Santa Cruz Good Times

Monday
Aug 03rd
Text size
  • Increase font size
  • Default font size
  • Decrease font size

Town Hall with Assemblymember Bill Monning

What happens now that the maker of methyl iodide has removed its product from markets in California and the United States?

ArystaLifeScience Inc.’s confirmation on March 20 that it had suspended the sale of the fumigant methyl iodide in the United States due to lack of  “economic viability” represents a victory for the health and safety of the public, workers, and the environment. Scientists, environmental and worker advocates, elected officials, agriculturists, and members of the public at large successfully placed pressure on Arysta to remove methyl iodide from the marketplace. In the end, only six California growers applied methyl iodide in the state.   

Because Arysta has voluntarily removed its product, it can resume the sale of methyl iodide in the U.S. where only EPA approval is required for product use.  However, in California, the Department of Pesticide Regulation (DPR) would be required to conduct another approval process, including a public comment period, if the company decides to renew sales of methyl iodide.   
It is important to note that the lawsuit filed early last year against DPR on behalf of workers and rural communities on the basis that scientific evidence was ignored and that emergency regulations were improperly applied, remains unresolved. Though a decision was expected earlier this year, Arysta requested a new hearing in order to share product updates it believes will affect the final decision, which is now expected by May 1, 2012.   

With the required phase-out of the soil fumigant methyl bromide in 2014, the agriculture industry is still in need of an alternative product or farming process. I remain committed to continue my work with all stakeholders to find a balanced solution that protects the health of the public and environment, as well as provides the agricultural industry with the necessary tools it needs to flourish.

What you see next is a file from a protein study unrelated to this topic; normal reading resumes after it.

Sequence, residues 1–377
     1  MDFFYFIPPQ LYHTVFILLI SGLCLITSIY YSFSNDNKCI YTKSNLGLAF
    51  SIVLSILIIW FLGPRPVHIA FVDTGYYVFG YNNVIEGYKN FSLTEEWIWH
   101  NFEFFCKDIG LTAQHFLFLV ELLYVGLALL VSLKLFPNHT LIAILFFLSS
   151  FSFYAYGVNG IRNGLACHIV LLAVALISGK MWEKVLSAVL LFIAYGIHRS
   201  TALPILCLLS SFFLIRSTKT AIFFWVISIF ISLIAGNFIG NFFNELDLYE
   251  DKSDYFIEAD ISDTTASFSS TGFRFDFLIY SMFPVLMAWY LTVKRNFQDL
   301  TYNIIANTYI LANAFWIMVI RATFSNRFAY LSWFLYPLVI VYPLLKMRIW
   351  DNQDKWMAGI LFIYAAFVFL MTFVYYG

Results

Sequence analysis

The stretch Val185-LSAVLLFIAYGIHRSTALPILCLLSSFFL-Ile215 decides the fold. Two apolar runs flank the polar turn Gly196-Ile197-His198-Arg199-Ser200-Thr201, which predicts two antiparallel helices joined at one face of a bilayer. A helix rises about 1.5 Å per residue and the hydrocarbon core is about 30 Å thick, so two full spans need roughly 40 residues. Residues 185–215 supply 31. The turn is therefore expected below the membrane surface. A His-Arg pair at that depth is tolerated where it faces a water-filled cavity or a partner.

Last month the federal Supreme Court held three days of testimony on federal healthcare reform. What will happen in California if portions of the federal law or the entire statute are struck down?
The three days of testimony held by the United States Supreme Court on federal healthcare reform were truly unprecedented and, this June, California and the nation will find out the fate of the Patient Protection and Affordable Care Act (ACA), which has already helped millions of Californians to obtain access to drugs and preventive services with no cost sharing; extend coverage to their adult children; and protect children from preexisting condition exclusions.

The Supreme Court hearings primarily focused on the constitutionality of the individual mandate and the Medicaid Expansion provisions in the ACA.   
I am confident that the Supreme Court will uphold the ACA. California is moving forward to implement the provisions of the Act as quickly and thoughtfully as possible. As I have indicated, some of the provisions of the ACA have already taken effect. For example, more than 12 million Californians no longer have a lifetime limit on their health insurance policy coverage; more than 6.1 million Californians have had their healthcare coverage improved to include the coverage of preventive care without cost-sharing; more than 355,000 young adults under age 26 can remain on their parents' health insurance coverage; and more than 319,000 California seniors saved $170 million in prescription drug costs.